Our early work in Guatemala targeted farming efficiency, access to water, sanitation, and health care. One study found that basic health education could help avert diarrhea epidemics in children under age five. Researchers also developed a low-cost coffee drying machine powered by coffee waste instead of diesel.
In 1996, IDRC-funded peace and reconciliation initiatives contributed to the Guatemalan peace accords, which ended 36 years of civil war. Since prejudice against indigenous people was a root cause of the war, we continue to support initiatives like the National Campaign for Inter-ethnic Dialogue, a public education campaign that reached about 120,000 Guatemalans between 2004 and 2006.
Fighting Chagas disease
Chagas disease, transmitted by insects, affects between 10 and 15 million people in Latin America — a greater burden of illness than all other tropical diseases combined. Left untreated, the disease produces irreversible organ damage and even death. Insecticide spraying, the traditional control strategy, must be repeated several times per year to be effective.
In 2004, IDRC-funded researchers pioneered an “ecohealth” approach to Chagas prevention that focused on the environment and its link to human health. Researchers garnered community support for improved hygiene and housekeeping practices — encouraging people to cover their mud walls with plaster, for example, to eliminate a common insect hideout. The results were dramatic: the average intervention eliminated infected insects for five years. Policymakers in Guatemala and six other Latin American countries have committed to use this approach.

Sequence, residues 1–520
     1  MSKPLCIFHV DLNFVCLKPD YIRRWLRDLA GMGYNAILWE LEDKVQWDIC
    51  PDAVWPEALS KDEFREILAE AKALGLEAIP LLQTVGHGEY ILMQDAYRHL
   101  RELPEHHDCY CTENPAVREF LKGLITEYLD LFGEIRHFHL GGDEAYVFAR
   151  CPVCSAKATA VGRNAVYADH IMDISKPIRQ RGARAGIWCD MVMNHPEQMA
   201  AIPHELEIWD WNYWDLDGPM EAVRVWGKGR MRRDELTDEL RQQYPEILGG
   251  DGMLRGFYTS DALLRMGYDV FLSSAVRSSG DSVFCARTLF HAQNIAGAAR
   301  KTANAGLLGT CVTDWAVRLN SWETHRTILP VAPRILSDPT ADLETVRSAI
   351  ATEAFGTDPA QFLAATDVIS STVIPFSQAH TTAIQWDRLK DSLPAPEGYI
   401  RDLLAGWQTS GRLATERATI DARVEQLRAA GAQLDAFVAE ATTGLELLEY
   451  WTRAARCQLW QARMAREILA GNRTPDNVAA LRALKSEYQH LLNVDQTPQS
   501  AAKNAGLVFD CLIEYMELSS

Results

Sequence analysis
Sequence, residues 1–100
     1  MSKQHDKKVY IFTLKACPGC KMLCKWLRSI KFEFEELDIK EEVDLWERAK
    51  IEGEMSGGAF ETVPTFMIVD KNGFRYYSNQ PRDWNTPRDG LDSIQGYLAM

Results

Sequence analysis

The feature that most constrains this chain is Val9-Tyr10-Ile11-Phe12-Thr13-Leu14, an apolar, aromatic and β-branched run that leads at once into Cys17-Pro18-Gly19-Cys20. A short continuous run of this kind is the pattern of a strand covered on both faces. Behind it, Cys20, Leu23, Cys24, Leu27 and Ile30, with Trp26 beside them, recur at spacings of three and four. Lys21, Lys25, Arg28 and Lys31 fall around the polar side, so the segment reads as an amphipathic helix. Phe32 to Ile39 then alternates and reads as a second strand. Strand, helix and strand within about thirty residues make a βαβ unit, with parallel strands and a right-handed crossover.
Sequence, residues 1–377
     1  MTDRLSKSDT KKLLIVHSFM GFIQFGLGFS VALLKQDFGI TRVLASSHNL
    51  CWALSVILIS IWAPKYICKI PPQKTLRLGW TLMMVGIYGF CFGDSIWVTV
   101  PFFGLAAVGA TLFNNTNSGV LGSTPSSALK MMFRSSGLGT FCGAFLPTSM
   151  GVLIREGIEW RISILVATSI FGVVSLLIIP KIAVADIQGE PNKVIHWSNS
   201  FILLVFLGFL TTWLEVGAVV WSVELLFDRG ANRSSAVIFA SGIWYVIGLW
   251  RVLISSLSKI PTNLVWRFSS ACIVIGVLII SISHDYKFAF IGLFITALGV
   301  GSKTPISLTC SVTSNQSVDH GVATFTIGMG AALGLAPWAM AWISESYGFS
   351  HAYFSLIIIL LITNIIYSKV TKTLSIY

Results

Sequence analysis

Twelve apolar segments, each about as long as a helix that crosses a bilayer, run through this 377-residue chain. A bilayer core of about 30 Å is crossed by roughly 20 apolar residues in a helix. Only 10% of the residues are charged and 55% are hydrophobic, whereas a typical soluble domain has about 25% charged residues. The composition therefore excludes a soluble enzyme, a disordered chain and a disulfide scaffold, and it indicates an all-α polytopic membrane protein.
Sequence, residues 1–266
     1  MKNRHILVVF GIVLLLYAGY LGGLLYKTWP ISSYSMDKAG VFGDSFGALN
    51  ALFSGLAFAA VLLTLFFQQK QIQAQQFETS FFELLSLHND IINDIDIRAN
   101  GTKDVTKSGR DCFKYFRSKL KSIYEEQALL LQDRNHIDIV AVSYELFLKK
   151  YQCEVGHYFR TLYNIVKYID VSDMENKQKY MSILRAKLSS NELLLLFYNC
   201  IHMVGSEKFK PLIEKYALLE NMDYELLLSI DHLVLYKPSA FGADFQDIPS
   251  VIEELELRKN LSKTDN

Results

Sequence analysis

Fairer taxes and benefits
Despite the fiscal reforms introduced by Latin American governments since the 1980s, a large gap remains between rich and poor. Together with the United Nations Development Programme, Guatemalan researchers have been coordinating studies on tax and benefit plans in Guatemala, Brazil, Chile, Mexico, and Uruguay. Emerging results of this research continue to inform policy discussions in the region, including those between the governments of Guatemala and Canada.
133 activities worth CA$21.6 million since 1975
Our support is helping
- ensure enough drinkable water to offset climate change
- reduce premature death and disability in Latin America
- protect migrant women from gender violence
- encourage students to drink healthier beverages
- strengthen high-quality, influential policy research in Guatemala
- eliminate Chagas disease, the most significant vector-borne disease in Latin America
Explore research projects we support in this region.